Standing Committee Report Summary

The National Commission for Homoeopathy Bill, 2019

  • The Standing Committee on Health and Family Welfare (Chairperson: Prof. Ram Gopal Yadav) submitted its report on the National Commission for Homoeopathy Bill, 2019 on November 27, 2019. The Bill seeks to repeal the Homoeopathy Central Council Act, 1973 and provide for regulation of education and practice of homoeopathy medicine.  Key observations and recommendations of the Committee are summarised below:
  • Composition of the National Commission for Homoeopathy (NCH): The Committee observed that the strength of the NCH and the representation from states as proposed in the Bill must be increased for its effective functioning. It also noted the lack of proper representation of elected medical professionals in the composition of the NCH as 80% of them are nominated.  The Committee recommended that the total strength of the NCH be increased from 20 members to 27 members. These 27 members will include the Chairperson, 7 ex-officio members, 10 members who are nominees of states/UTs (part-time), six elected registered medical practitioners (part-time), and 3 other part-time members.
  • With regard to the composition of the three Autonomous Boards under the NCH, the Committee recommended that the strength of the Medical Assessment and Rating Board and the Board of Ethics and Registration should be enhanced to four instead of three members.
  • Appellate jurisdiction: The central government has the appellate jurisdiction over the decisions taken by the NCH. In this regard, the Committee stated that giving the appellate jurisdiction to the central government does not fit into the constitutional provision for separation of powers.  It recommended constitution of a Medical Appellate Tribunal for Indian System of Medicine and Homoeopathy comprising of a Chairperson, who should be a sitting or retired Judge of the Supreme Court or a Chief Justice of a High Court, and four other members (with special knowledge in the medical profession and education, Indian Systems of Medicine, homoeopathy, and health administration).  This Tribunal will have an appellate jurisdiction over the decisions taken by the NCH instead of the central government.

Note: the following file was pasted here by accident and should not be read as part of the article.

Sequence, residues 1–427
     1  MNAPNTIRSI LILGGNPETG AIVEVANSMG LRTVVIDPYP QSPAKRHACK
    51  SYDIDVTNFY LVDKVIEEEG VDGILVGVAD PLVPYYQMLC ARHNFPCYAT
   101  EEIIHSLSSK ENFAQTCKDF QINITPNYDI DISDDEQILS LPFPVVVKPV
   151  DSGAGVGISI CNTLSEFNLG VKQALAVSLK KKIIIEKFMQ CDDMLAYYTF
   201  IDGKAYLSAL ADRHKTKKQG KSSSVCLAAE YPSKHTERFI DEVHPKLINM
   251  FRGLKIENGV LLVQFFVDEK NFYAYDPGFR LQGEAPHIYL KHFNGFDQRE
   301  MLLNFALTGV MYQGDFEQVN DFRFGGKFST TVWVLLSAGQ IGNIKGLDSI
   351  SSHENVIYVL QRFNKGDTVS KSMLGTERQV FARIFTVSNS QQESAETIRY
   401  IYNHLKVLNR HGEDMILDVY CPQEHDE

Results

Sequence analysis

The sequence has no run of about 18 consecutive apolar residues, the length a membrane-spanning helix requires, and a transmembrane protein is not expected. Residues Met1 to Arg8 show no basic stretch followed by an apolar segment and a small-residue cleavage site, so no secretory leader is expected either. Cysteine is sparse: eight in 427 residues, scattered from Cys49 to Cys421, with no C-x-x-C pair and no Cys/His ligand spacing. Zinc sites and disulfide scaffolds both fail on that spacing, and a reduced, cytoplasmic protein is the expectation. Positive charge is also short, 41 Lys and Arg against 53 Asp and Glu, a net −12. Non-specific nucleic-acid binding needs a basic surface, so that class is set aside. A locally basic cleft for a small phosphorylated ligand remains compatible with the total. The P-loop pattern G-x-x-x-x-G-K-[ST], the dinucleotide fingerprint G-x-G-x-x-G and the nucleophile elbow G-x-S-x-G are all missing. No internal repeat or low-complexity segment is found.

• Fee regulation: The Committee noted that states have an existing process to regulate fees charged by private medical colleges. This is done by taking into account local factors, reservation quota, and other issues prevailing in respective states.  However, there is no provision in the Bill for regulation of fees of homoeopathy colleges.   The absence of fee regulation may result in charging of high fees by private medical colleges.  Hence, the Committee recommended fee regulation for at least 50% of seats in private medical colleges, and deemed-to-be universities. 
  • Advisory Council: Under the Bill, the central government will constitute an Advisory Council for Homoeopathy.  The Council will be the primary platform through which the states/union territories can put forth their views and concerns before the NCH.  The Committee noted that there is no representation of State Medical Councils in the Advisory Council. Therefore, it recommended that there should be a provision for representation of elected members of State Medical Councils.  Further, it recommended that the Advisory Council should include Vice-Chancellors of recognised homoeopathy colleges instead of just any general university.
  • Teacher’s examination: The Bill proposes a National Teachers’ Eligibility Test for postgraduates of homoeopathy who wish to take up teaching homoeopathy as a profession. However, the Committee noted that this does not apply to teachers appointed before the enactment of this Bill.  It observed that there are several teachers in the system who do not hold a postgraduate degree but are part of the education system.  For such teaching professionals, there must be a provision for a training course, followed by Minimum Qualifying Test.  This would ensure that their knowledge base is widened and updated.


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